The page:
- Does your target customer have the capacity and the ability to pay?
- How much would they be willing to pay?
- How should you price your product/service? Is it a one-time purchase, a recurring purchase, a subscription, a pay-as-you-go offering, etc.?
- What should the price be? Can you build a sustainable business at that price point?
- What will the future pricing look like? Does it change as you open new market segments or territories?
These are questions that a startup needs to think about, as they are key to its ability to build a lasting business. However, these are not questions you can get right in one attempt. Like Product Development and Customer Development, this too requires conscious iteration. In my mind, there are two main facets to Revenue Development: a) Business model iteration, and, b) Pricing iteration.
Very often what a startup’s business model is going to be is unclear. However, at the very least I expect the startups I work with to have at least thought about the options they have. It’s quite likely that the business model at the top of their mind will not be the right business model (John Mullins & Randy Komisar’s book Getting to Plan B is a great read for this). However, to me the sign that a founding team has at least thought about a revenue model is an important indicator.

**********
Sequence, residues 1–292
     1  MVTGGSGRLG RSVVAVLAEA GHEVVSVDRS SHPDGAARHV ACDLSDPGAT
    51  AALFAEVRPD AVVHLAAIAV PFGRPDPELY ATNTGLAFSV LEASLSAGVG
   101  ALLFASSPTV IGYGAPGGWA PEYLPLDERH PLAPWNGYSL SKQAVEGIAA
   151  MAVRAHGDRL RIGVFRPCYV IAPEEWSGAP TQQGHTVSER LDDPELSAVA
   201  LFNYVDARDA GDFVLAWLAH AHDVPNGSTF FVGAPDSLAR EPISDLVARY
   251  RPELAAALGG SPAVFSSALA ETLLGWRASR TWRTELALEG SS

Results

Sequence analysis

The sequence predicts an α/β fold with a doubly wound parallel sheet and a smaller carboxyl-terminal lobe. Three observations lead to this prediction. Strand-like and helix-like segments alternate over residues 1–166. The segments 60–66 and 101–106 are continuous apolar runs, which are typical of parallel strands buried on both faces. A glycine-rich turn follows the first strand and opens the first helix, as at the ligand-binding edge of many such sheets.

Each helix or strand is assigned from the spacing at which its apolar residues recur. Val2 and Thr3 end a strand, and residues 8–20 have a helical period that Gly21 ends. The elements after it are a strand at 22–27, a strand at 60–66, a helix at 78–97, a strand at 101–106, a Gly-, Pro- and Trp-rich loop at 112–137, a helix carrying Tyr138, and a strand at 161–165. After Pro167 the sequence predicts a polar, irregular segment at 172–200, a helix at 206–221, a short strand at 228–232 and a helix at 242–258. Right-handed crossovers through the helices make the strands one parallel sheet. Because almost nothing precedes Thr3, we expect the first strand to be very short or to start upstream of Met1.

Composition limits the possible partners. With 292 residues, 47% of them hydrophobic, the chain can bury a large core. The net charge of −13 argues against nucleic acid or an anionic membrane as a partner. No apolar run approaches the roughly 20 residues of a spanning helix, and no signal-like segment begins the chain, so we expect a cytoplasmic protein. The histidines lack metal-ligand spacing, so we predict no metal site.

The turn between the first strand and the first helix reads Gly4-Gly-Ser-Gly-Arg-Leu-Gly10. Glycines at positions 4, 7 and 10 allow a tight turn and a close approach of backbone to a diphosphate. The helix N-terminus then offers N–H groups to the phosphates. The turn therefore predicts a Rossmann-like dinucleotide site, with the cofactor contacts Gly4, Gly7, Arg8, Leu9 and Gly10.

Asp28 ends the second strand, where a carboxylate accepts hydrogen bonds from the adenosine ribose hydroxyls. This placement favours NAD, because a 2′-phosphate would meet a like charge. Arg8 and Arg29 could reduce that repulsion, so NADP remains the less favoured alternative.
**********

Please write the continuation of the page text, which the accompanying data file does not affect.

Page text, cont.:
Google’s first business model wasn’t based on advertising. In fact, that wasn’t Google’s idea at all. That idea came from goto.com, which came out of Bill Gross’ IdeaLab, and then became Overture. Google’s first business model was to sell/license search to the major portals (Yahoo! being the dominant one at the time). So it wasn’t that they had the right business model to start. But they were thinking about it, and they iterated on the business model to get to something that worked — and worked well at that.
Pricing is something that whole theses have been written about, but I’ll summarize my view on pricing as it pertains to Revenue Development in one line: It’s easier to start high and then come down than it is to start low and then go up. The right price is “what the market will bear,” but you can only know that by experimenting with it. And in order to experiment with pricing, it’s better to start with a high ask. You can always then discount the price down to match what the customer is willing to pay. But is your starting ask is too low, then you will always end up leaving money on the table. The caveat is that your initial ask shouldn’t be so ridiculously high that the customer just walks away without countering.
Pricing consumer products and services is a little trickier since you don’t get to have a direct dialog with the customer over the price. But with the amount of data we can gather on the Web today using simple analytics tools, doing this time of experimentation is still possible. VC funded companies are very often guilty of giving stuff away for free because they want to grow fast. Founders often forget that their interests and the VCs interests are not all the same. Very often VCs are okay with the company needing more capital because it gives them a chance to buy more of the company.